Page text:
In a statement on Friday, the ministry did not specify the countermeasures but said they would be applied to all US embassy and consulate staff, as well as the consulate-general in Hong Kong.
"To urge the US to repeal its wrong decisions as soon as possible, the Chinese side has recently sent a diplomatic note announcing reciprocal restrictions on US embassy and consulates, the consulate-general in Hong Kong included," the statement read.
The ministry emphasized that Washington's "multiple rounds of restrictions" on Chinese diplomatic personnel had disrupted bilateral relations.
Secretary of State Mike Pompeo said earlier this month that US-based senior Chinese diplomats will be required to seek US government permission to engage in a number of routine activities.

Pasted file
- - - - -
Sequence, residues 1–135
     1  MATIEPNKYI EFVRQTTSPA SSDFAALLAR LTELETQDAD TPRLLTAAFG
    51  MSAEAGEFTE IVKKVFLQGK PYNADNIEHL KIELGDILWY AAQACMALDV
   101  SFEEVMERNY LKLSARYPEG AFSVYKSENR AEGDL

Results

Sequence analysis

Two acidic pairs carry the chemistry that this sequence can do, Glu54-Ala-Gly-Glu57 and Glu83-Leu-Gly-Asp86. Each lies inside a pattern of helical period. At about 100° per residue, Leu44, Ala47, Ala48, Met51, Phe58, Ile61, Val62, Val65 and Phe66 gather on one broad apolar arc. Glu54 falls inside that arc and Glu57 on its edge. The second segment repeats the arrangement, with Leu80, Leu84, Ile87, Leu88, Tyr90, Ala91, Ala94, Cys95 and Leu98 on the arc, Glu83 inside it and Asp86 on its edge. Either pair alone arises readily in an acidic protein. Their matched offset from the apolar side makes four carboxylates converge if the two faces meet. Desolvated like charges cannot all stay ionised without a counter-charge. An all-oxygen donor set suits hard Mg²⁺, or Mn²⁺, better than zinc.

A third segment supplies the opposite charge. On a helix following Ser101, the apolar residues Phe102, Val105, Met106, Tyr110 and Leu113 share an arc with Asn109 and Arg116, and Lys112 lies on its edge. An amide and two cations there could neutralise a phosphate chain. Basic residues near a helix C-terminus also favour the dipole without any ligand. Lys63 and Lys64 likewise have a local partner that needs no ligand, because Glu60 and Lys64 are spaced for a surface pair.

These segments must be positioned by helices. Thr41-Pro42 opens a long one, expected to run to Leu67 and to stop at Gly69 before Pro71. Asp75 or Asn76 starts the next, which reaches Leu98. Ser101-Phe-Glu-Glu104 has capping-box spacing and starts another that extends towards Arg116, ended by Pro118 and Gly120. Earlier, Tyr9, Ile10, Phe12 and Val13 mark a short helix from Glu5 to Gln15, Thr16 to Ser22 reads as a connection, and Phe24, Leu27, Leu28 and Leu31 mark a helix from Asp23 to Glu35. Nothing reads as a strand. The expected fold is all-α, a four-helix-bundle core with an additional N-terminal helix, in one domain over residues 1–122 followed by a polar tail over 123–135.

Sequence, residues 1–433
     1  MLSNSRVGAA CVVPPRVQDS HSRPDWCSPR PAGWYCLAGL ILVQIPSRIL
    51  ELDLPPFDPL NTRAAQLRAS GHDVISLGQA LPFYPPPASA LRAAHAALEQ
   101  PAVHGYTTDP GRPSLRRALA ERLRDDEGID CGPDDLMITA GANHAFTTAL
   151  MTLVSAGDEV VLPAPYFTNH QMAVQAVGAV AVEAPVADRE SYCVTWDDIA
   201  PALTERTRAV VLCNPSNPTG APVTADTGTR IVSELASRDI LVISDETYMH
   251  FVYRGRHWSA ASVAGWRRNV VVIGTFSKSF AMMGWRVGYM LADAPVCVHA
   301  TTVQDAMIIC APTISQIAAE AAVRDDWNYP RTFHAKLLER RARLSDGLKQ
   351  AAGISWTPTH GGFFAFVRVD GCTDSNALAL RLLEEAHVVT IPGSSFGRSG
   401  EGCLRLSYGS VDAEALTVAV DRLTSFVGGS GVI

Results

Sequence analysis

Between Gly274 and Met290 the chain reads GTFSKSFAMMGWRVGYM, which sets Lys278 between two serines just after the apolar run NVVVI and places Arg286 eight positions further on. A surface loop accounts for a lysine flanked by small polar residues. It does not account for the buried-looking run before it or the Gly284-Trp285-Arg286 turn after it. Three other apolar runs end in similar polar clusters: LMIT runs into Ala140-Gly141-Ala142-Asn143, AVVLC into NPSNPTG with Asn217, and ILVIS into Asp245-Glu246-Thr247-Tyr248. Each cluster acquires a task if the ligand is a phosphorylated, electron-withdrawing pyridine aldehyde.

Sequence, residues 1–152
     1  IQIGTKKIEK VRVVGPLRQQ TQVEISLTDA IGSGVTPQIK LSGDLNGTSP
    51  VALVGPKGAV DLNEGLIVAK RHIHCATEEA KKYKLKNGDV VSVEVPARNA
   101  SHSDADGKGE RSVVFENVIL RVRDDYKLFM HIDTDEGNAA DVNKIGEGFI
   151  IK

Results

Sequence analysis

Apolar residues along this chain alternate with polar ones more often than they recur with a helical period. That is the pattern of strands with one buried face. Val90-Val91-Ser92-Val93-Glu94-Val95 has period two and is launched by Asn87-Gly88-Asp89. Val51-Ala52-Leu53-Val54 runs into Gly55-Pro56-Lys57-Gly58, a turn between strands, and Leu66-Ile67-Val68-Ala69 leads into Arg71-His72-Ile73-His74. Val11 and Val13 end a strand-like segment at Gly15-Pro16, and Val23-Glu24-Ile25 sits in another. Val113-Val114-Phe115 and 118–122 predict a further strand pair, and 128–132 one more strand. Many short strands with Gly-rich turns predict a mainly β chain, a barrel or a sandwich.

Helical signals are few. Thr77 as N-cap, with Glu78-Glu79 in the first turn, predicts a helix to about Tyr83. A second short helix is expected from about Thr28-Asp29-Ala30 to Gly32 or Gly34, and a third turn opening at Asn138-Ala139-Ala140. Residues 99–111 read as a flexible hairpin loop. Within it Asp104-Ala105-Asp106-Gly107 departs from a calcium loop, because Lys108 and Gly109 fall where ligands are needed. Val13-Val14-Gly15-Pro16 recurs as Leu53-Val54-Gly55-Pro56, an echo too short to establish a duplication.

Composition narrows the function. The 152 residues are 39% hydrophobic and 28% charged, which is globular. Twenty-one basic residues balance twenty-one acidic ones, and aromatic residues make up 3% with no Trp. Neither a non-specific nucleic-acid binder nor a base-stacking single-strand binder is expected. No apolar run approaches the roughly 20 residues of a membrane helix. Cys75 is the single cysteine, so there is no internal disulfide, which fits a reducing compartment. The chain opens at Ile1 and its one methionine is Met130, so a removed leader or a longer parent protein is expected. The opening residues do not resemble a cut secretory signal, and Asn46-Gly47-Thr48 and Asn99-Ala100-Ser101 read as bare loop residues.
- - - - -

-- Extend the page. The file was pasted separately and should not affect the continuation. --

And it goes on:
Speaking at a news conference at the State Department, the top US diplomat added that the "State Department has established a mechanism requiring approval for senior Chinese diplomats in the United States to visit university campuses and to meet with local government officials,"
Chinese cultural events with more than 50 attendees outside the embassy or consular posts will also need approval, he noted.
Nearly 370,000 Chinese nationals study in the United States, offering significant revenue to colleges that are now facing growing pressure from the coronavirus pandemic.